The failed and failing states of sub-Saharan Africa - including Sierra Leone, Liberia, and Zimbabwe - attract the most attention. But a quiet renaissance of positive leadership is taking hold in the region, including the Islamic northeast.
The dominant personalities in such battered places as Somalia and Somaliland are firmly on the side of the United States, and ready to be helped in rebuilding their states. No state in Africa now seeks to harbor terrorists; better rewards are to be found in alliance with the developed world.
In Botswana, Ghana, Senegal, South Africa, and Tanzania, basic human rights are being respected, and there's a promise of better times. After a year of principled leadership, Ghana is in the vanguard of change. If Ghana's gains can be sustained, West Africa will have another model to help transform a neighborhood characterized by fractiousness and meltdown.
Nigeria is a problem case. As Africa's most populous and historically most poorly governed place, its turn to democracy in 1999 seemed dramatic. But President Olusegun Obasanjo has been unable to lead the nation in a wholly positive direction. Too many of Nigeria's Muslim-dominated states have thumbed their noses at the central government. So democratic rule is a phenomenon of the center only, not of the states.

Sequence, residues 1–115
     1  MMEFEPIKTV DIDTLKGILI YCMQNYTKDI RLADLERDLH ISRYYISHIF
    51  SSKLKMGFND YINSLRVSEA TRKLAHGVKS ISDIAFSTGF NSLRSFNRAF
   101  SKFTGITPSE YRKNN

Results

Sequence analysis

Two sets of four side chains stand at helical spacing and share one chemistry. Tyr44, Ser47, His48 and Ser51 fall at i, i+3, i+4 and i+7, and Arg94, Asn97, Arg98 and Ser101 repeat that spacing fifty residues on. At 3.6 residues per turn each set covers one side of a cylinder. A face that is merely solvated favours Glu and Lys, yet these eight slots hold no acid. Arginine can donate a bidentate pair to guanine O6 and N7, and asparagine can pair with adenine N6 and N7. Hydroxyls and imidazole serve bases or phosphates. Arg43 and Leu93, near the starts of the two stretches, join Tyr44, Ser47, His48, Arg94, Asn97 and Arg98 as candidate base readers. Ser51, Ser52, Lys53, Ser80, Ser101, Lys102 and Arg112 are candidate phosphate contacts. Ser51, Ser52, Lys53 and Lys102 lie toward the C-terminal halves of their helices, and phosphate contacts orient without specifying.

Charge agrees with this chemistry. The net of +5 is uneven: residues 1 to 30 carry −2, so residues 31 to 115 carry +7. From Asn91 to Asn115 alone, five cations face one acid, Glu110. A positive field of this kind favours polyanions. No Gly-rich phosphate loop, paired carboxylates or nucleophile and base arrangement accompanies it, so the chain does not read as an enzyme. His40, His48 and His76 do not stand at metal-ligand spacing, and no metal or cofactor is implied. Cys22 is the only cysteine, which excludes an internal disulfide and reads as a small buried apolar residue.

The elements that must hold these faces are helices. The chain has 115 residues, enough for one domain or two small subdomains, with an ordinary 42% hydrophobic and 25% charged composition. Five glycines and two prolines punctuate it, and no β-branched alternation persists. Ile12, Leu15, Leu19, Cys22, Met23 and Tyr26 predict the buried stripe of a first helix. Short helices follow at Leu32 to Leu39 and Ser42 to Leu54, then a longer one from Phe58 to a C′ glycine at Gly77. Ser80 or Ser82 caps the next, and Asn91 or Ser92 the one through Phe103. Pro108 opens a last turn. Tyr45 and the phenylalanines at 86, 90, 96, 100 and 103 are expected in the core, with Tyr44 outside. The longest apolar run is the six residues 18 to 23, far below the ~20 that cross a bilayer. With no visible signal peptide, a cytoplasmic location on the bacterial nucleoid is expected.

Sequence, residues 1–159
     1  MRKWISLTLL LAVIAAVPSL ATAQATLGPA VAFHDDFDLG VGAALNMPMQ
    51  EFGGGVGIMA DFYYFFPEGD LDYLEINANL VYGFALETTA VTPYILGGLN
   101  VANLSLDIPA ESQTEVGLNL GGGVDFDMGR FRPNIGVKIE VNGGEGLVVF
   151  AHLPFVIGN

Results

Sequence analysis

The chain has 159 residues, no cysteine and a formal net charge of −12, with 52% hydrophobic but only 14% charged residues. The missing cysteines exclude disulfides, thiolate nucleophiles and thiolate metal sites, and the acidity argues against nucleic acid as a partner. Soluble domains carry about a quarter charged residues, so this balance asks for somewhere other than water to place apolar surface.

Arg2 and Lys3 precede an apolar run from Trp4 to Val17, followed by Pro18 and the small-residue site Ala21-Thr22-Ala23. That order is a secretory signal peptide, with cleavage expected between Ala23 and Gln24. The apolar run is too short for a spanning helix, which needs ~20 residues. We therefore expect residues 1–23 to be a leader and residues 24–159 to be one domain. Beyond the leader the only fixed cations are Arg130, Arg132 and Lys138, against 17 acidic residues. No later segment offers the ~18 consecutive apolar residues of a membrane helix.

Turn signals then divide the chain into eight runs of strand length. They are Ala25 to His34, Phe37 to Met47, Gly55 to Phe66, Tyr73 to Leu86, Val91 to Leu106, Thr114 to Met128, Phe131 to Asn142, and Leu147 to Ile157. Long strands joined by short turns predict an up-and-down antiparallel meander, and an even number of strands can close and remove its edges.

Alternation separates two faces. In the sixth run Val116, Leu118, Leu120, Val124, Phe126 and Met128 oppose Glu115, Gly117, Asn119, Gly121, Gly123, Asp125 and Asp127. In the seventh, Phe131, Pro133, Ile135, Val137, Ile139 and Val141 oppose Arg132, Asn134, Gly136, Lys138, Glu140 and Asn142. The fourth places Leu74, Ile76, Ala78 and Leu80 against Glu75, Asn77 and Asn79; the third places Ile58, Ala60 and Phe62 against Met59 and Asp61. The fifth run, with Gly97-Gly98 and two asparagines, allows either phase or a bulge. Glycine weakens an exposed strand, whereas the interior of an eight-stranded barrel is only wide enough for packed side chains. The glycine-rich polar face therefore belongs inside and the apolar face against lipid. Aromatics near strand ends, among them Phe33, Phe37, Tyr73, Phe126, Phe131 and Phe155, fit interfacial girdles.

When the ingredients of visionary leadership are lacking, the stew of governance tastes sour. When they are richly available, everyone prospers and AIDS and other scourges seem survivable. The US and UN need to craft new policies to support and encourage responsible leadership skills among elected officials across sub- Saharan Africa.
In South Africa, Nelson Mandela demonstrated leadership without bullying. As president, he was an inclusionist who convinced black South Africans from all backgrounds, as well as coloreds, Indians, and whites, that he was everyone's champion and that he sought a peace dividend for them, not for himself.
Neighboring Botswana, thinly populated and mostly desert, has been an oasis of steady, open rule for more than 35 years. Even before it became the world's greatest producer of gem diamonds, Botswana was well-run. It endured insults and occasional blows from apartheid South Africa, ignored the collectivist and authoritarian fancies of nearby Zambia and Tanzania, and concentrated its energies not on personal enrichment but on encouraging middle-class empowerment amid old-fashioned liberal values.
Festus Mogae, Botswana's president, had excellent role models. His predecessors were participatory, sensible, and focused on what was good for their peoples, not for themselves and their families. Sir Seretse Khama, Botswana's first president, had the charisma and stature to have gone either way. …